The Fed and the Bear

By: Robert Veres


By now, you know that the U.S. Federal Reserve Board raised the so-called Fed Funds rate by three quarters of a percent—the largest increase since 1994. You may also have heard that the size of the increase took everybody by surprise—a list that includes economists, pundits, journalists and professional investors. The news drove the markets, already teetering on the edge, into bear market territory—
defined as a 20% drop from previous highs.

The stated reason for the rate increase is to squeeze inflation out of the economy. The logic is somewhat complicated, but the simple explanation is that inflation occurs when too much money chases too few goods. Raising rates will make it more expensive to borrow, diminishing purchasing power on credit, which could (eventually) result in less borrowing, which could (eventually) slow down consumer spending.

But of course, consumer spending is a huge component of economic growth, so less spending will slow down the entire economy—at a time when it has already recorded a full quarter of negative growth. And by making borrowing more expensive, the central bank is also reining in corporate spending, which is another contributor to economic growth. In fact, some economists believe that the economy was running ‘hot’ for the past decade, because companies could fund their operations with cheap money, and unprofitable companies could stay afloat because they could always borrow enough to get by. The almost-free money allowed ‘distressed’ companies to rack up $49 billion in obligations that might need to be structured or face default.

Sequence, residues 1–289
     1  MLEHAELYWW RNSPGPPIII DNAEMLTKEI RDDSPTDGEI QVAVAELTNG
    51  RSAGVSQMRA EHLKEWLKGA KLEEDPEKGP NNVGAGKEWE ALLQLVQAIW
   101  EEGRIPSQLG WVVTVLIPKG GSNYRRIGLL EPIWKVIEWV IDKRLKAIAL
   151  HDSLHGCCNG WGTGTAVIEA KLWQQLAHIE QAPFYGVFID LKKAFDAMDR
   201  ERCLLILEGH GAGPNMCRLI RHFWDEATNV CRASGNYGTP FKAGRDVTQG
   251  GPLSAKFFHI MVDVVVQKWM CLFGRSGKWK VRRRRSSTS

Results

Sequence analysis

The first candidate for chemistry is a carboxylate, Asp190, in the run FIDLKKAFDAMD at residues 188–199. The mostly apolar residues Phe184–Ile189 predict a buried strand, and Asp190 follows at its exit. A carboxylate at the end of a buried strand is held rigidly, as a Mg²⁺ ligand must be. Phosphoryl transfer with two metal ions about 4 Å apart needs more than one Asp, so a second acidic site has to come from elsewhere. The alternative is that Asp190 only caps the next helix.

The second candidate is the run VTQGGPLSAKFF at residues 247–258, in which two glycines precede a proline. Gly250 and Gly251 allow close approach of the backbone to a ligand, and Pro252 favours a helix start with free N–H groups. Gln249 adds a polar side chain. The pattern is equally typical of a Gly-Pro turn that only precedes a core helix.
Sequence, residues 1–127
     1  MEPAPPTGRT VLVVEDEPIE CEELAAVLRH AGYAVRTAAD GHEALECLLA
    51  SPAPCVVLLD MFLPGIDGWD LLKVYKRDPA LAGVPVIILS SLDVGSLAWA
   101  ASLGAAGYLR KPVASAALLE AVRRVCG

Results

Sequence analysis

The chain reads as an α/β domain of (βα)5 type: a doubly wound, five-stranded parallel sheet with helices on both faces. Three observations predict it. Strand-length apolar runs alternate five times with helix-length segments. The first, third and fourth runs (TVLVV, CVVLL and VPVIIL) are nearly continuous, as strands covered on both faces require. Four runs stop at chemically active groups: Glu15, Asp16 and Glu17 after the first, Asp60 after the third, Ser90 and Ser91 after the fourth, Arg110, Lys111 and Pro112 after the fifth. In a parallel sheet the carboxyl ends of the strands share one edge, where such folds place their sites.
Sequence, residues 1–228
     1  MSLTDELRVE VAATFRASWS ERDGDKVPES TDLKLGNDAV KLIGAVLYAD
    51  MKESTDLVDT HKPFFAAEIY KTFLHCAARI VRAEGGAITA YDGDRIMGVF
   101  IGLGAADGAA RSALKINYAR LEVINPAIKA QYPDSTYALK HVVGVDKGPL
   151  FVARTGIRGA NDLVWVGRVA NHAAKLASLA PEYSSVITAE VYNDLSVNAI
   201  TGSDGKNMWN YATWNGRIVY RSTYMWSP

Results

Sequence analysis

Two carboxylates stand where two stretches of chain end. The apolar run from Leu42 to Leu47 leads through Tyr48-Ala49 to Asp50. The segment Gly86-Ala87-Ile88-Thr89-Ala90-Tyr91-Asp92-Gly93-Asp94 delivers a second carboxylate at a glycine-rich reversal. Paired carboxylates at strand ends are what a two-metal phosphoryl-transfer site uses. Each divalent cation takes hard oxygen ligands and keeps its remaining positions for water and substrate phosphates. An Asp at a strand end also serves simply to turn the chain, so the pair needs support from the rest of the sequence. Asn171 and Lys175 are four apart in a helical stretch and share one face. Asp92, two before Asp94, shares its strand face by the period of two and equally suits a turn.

If you look at the bigger picture, the American economy has experienced something quite extraordinary: more than four decades of falling interest rates, until they finally fell down to zero (short term) or near zero (longer-term) and had no more room to fall. The Fed action has built on a reversal of that trend, sending mortgage rates to their highest level in nearly 14 years. If you want to second-guess the Fed economists with their Ph.Ds, you might wonder whether curbing inflation is worth the collateral damage of negative economic growth, diminished consumer spending and reeling investment markets
where confidence in the future is shaken. Their answer is likely to be that sooner or later they had to take away the punch bowl that led to the economic equivalent of drunken excesses—the stock market boom, meme stocks, special purpose acquisition companies, soaring housing prices, the alarming rise in the cost of living. They might have been more gentle about it, but we all know that economic
booms eventually lead to busts, which weed out unprofitable or poorly-run companies and ultimately deliver a healthier economy and, for investors, provide opportunities to buy stocks at a discount.

The Fed has challenged all of us, whether we run companies or manage our monthly budgets, to endure a painful transition that was probably inevitable, and take our medicine all at once rather than gradually over a longer period of time. Yes, the medicine tastes terrible right now. Let’s hope it provides the cure that the U.S. central bank is hoping for, and that this will lead us into the next economic expansion and a new bull market.


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